“Once Upon a Time” (Blu-ray)
Like NBC's “Grimm,” “Once Upon a Time” debuted in the 2011-12 season, when movie studios were just starting to roll out high-concept “dark fairy tale” melodramas such as “Red Riding Hood.”
While “Grimm” quickly found its footing as a supernatural take on police procedurals, ABC's “Once Upon a Time” had loftier aspirations — not a surprise, given that Edward Kitsis and Adam Horowitz of “Lost” fame created the series.
That pedigree not only secured a ready-made audience, bringing “Losties” on board, it promised a degree of atmospheric beauty and top-shelf effects, which come through in the Blu-ray edition of “Once Upon a Time: The Complete First Season,” and a deep, consuming mythology. “Once Upon a Time” delivers on those elements, but it also carries more than a whiff of ABC's mid-'00s nighttime soaps — in its more torrid moments, and there are plenty, it could earn an alternate title: “Desperate Princesses.”
“Once Upon a Time: The Complete First Season” uses the “Snow White” fairy tale as its foundation: as Snow White (Ginnifer Goodwin of “Big Love”) marries Prince Charming (Josh Dallas), the Evil Queen (Lana Parrilla) crashes the wedding and curses all the magical characters in attendance, promising to take away “the things you love most.”
Months later, the bill comes due: Charming and Snow hide their newborn baby as their magical land is consumed by the curse.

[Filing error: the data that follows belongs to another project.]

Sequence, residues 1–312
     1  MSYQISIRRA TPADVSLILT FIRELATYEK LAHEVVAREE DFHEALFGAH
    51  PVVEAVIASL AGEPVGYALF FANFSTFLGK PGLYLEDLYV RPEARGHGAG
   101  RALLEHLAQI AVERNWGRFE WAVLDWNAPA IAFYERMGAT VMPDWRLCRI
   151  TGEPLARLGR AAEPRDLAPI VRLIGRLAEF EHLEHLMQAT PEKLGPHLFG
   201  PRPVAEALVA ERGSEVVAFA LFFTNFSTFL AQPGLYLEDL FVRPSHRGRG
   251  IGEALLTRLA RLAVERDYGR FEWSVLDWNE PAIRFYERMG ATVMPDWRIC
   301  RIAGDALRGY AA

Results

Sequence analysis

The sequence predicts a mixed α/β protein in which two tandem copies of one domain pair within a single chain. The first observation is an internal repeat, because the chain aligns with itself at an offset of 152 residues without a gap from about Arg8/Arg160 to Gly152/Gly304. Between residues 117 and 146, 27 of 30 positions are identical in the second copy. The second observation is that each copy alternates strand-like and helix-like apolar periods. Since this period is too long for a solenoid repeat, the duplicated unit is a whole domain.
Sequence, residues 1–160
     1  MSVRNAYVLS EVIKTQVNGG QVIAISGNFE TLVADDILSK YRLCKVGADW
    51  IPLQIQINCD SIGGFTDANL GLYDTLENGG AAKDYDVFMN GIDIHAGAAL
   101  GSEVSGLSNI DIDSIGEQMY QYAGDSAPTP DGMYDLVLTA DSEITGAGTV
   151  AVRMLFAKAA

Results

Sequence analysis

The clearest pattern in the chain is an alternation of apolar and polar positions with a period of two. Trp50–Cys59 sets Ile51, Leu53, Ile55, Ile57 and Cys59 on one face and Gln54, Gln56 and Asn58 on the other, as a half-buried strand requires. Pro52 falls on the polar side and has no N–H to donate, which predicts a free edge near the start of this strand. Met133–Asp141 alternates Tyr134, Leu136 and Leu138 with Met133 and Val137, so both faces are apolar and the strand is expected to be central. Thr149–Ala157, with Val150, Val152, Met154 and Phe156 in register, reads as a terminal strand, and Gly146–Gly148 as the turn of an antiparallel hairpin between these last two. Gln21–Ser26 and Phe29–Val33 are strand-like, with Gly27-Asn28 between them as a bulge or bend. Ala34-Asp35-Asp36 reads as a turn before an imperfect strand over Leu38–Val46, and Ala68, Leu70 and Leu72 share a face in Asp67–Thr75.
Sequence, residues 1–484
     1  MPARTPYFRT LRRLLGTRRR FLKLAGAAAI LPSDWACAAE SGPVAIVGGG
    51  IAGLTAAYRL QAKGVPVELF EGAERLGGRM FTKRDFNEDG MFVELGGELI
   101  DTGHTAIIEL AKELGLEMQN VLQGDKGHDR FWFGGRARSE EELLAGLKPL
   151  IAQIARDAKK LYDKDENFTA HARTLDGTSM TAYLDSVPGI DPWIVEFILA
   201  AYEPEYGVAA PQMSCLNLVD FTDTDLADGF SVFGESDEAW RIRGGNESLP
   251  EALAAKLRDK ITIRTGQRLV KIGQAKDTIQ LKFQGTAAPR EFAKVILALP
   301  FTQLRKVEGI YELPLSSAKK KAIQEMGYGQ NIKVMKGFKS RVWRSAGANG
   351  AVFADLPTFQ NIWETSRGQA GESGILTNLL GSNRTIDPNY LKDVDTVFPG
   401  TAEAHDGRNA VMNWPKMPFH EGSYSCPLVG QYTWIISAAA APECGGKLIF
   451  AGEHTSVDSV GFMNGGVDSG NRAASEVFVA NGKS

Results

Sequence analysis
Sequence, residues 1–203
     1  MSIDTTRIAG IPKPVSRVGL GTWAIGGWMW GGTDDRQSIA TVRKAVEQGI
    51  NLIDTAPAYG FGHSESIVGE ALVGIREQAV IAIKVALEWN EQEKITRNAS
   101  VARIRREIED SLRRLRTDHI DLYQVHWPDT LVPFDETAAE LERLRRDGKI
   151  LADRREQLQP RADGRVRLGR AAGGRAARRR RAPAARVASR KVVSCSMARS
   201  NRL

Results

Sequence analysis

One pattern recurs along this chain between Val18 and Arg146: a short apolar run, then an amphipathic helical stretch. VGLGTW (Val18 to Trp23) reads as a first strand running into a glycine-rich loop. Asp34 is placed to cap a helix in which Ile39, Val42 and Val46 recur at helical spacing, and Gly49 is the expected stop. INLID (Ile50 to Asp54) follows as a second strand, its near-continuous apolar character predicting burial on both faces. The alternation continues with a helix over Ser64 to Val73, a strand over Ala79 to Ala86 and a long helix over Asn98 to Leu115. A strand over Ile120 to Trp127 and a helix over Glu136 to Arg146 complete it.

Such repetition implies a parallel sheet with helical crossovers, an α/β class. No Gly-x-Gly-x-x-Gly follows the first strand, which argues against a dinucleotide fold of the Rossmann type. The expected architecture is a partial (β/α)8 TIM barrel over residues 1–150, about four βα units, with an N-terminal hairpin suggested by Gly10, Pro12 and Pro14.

Cut to modern-day New England, and a skip tracer named Emma Swan (Jennifer Morrison of “How I Met Your Mother” and “House”) is approached by young Henry Mills (Jared Gilmore), who claims that Emma is his birth mother and that his evil stepmother, Regina Mills (Parrilla) is using her office as mayor of Storybrooke, Maine, to operate as a petty tyrant.
Storybrooke is, of course, where all the fairy tale denizens landed: they never age and have no memory of their former, more magical lives, but Emma begins to unravel that past thanks to kind schoolteacher Mary Margaret Blanchard (Goodwin).
Kitsis and Horowitz weave a labyrinthine web of plots into this series, but the familiarity of characters such as Rumplestiltskin (Robert Carlyle), Red Riding Hood (Meghan Ory) and others makes “Once Upon a Time” consistent fun for viewers who enjoy guessing which tale is being pulled into the storyline.
The endless conniving of Parrilla's character can grow tiresome, but Goodwin's double turn as Mary Margaret and Snow makes up for the Evil Queen's soapy stream of threats and double-crosses. Goodwin was often the most interesting element of “Big Love,” even as that show eventually ran off the rails, and she makes “Once Upon a Time” more enchanting with her presence.
— George Lang